Atomic force microscopy captures MutS tetramers initiating DNA mismatch repair.

In spite of extensive research, the mechanism by which MutS initiates DNA mismatch repair (MMR) remains controversial. We use atomic force microscopy (AFM) to capture how MutS orchestrates the first step of E. coli MMR. AFM images captured two types of MutS/DNA complexes: single-site binding and loop binding. In most of the DNA loops imaged, two closely associated MutS dimers formed a tetrameric complex in which one of the MutS dimers was located at or near the mismatch. Surprisingly, in the presence of ATP, one MutS dimer remained at or near the mismatch site and the other, while maintaining contact with the first dimer, relocated on the DNA by reeling in DNA, thereby producing expanding DNA loops. Our results indicate that MutS tetramers composed of two non-equivalent MutS dimers drive E. coli MMR, and these new observations now reconcile the apparent contradictions of previous 'sliding' and 'bending/looping' models of interaction between mismatch and strand signal.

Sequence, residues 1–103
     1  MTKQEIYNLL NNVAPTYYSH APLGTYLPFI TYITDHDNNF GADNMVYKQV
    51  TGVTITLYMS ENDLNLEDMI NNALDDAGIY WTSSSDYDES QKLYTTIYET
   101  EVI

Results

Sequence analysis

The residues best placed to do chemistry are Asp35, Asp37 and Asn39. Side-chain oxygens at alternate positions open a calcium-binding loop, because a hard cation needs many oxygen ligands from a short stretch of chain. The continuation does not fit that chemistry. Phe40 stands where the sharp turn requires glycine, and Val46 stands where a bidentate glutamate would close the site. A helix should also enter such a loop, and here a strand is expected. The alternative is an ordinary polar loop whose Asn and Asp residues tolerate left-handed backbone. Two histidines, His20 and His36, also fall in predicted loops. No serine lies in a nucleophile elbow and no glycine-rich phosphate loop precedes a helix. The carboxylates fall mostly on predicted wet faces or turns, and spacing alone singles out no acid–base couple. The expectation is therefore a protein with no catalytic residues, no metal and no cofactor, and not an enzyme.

Full Text

Duke Authors

Cited Authors

  • Jiang, Y; Marszalek, PE

Published Date

  • July 20, 2011

Published In

Volume / Issue

  • 30 / 14

Start / End Page

  • 2881 - 2893

PubMed ID

  • 21666597

Electronic International Standard Serial Number (EISSN)

  • 1460-2075

Digital Object Identifier (DOI)

  • 10.1038/emboj.2011.180

Language

  • eng

Citation Source

  • PubMed